As the Future Generations Commissioner for Wales, I am tasked with ensuring our public bodies act today for tomorrow.

We are living in challenging times where the very real pressures and demands to help communities weather a storm are at the forefront of everyone’s minds. Interventions to prevent a crisis getting worse are important but our actions in response to the cost-of-living crisis must help our current communities, whilst also preventing crises like this to resurface again in the future.

In Wales, we are in a unique and powerful position to make real change for the communities of today and of our future generations. Because of the Well-being of Future Generations Act, we are already on track, and considering future generations in our decision making is becoming second nature. Now, we need to come together and expand our horizons to make sure that we protect our communities from experiencing this type of crisis, to this extent, again.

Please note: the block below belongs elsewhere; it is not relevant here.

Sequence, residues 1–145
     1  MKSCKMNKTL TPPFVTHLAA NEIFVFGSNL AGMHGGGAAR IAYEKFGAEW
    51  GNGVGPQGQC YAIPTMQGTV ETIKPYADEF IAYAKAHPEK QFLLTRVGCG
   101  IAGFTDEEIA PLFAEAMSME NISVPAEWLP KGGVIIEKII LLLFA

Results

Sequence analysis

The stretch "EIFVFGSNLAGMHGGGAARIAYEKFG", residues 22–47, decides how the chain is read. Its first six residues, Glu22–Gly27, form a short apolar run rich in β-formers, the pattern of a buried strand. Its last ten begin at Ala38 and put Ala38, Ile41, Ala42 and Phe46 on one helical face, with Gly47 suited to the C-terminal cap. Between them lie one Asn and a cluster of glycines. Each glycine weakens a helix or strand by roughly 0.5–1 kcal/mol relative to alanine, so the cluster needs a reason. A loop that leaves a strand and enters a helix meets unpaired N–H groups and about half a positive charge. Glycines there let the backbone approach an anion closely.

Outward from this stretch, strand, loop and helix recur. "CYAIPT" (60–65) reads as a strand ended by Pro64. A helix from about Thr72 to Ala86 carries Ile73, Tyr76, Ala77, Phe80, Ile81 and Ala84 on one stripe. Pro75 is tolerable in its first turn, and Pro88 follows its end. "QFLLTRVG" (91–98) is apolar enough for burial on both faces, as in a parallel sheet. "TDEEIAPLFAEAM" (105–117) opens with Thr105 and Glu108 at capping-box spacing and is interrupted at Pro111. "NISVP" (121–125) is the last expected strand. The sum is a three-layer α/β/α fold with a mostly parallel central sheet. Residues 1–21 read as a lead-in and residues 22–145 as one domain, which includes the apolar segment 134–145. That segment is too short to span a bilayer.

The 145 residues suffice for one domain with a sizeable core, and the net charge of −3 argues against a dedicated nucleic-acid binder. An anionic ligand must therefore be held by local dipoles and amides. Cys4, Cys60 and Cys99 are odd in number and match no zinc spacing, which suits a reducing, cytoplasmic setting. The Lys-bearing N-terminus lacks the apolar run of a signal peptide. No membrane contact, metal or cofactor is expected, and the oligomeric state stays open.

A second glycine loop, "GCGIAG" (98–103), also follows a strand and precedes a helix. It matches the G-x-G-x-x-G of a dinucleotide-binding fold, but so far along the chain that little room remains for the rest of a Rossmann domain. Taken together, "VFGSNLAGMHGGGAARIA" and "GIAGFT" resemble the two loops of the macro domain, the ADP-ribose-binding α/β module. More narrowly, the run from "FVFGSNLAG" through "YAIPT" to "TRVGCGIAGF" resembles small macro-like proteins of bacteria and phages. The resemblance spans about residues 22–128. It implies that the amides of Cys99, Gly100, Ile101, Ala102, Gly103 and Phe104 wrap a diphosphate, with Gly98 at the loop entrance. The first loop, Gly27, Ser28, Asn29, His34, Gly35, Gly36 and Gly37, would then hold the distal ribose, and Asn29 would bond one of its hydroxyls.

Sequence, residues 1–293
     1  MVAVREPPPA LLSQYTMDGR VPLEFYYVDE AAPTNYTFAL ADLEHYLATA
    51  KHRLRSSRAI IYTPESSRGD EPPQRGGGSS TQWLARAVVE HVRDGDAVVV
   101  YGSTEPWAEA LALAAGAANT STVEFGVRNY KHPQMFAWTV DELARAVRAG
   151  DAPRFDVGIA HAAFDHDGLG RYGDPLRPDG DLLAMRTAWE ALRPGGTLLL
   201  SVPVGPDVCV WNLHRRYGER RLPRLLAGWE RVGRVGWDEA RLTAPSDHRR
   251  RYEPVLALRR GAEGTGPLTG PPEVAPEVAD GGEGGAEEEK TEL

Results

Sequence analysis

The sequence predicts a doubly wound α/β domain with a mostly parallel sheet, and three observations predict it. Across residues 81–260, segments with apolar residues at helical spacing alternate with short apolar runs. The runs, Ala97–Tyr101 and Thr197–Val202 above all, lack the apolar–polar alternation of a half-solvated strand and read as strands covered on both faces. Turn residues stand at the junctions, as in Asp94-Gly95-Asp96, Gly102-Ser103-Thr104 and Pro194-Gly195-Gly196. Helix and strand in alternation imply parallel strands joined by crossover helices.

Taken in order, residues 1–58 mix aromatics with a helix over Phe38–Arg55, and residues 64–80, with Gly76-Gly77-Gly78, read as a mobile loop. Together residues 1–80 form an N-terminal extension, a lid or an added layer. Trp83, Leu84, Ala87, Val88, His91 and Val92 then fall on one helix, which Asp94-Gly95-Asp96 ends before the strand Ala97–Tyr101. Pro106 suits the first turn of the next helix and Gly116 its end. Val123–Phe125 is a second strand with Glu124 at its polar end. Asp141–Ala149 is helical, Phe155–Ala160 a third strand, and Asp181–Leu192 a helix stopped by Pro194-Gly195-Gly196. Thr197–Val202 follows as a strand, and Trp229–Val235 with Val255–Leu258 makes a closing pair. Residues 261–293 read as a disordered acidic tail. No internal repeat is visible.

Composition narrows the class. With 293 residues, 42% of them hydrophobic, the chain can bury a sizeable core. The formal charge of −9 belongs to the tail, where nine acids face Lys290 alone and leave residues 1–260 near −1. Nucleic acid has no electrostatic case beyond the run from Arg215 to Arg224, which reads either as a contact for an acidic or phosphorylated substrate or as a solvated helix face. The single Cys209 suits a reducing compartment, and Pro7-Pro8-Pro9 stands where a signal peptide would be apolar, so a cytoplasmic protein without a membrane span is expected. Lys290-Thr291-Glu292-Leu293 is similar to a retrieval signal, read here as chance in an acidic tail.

It is clear that the economic position across the UK and the very stark reduction in the funding available will make new investments for the future incredibly difficult for the Welsh Government as they seek to protect vital public services, many of which are preventative by their very nature and important to the long-term well-being of Welsh communities.

But it is also apparent that in the face of crisis, the Welsh Government and their public, private, voluntary sector, and trade union partners can work together to find innovative solutions. The Welsh approach to partnership working and collaboration was vital during the COVID-19 pandemic. We can respond to deliver connected solutions again which go beyond just putting a sticking plaster on the cost-of-living crisis.

The importance of involvement in decision-making could not be more crucial. Inequalities are deepening, with the disproportionate impact of the cost-of-living crisis on women, Black and Ethnic Minority people, migrants, older people and disabled people. Any action that the government decides to take must involve those hardest hit by the crisis.

This paper sets out a number of policy areas which could drive multiple long term benefits to Wales’ well-being goals, whilst also helping families who face huge cost-of-living pressures in the short and medium term. They should be considered as the Government and others frame their response to the cost-of-living crisis.